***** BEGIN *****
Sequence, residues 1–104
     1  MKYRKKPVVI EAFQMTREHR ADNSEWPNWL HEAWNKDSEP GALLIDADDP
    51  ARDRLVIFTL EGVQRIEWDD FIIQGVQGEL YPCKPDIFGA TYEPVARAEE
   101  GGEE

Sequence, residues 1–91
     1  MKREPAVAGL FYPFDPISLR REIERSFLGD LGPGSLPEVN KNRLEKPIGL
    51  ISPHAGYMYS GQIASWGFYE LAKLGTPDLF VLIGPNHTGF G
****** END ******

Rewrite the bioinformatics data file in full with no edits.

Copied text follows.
Sequence, residues 1–104
     1  MKYRKKPVVI EAFQMTREHR ADNSEWPNWL HEAWNKDSEP GALLIDADDP
    51  ARDRLVIFTL EGVQRIEWDD FIIQGVQGEL YPCKPDIFGA TYEPVARAEE
   101  GGEE

Sequence, residues 1–91
     1  MKREPAVAGL FYPFDPISLR REIERSFLGD LGPGSLPEVN KNRLEKPIGL
    51  ISPHAGYMYS GQIASWGFYE LAKLGTPDLF VLIGPNHTGF G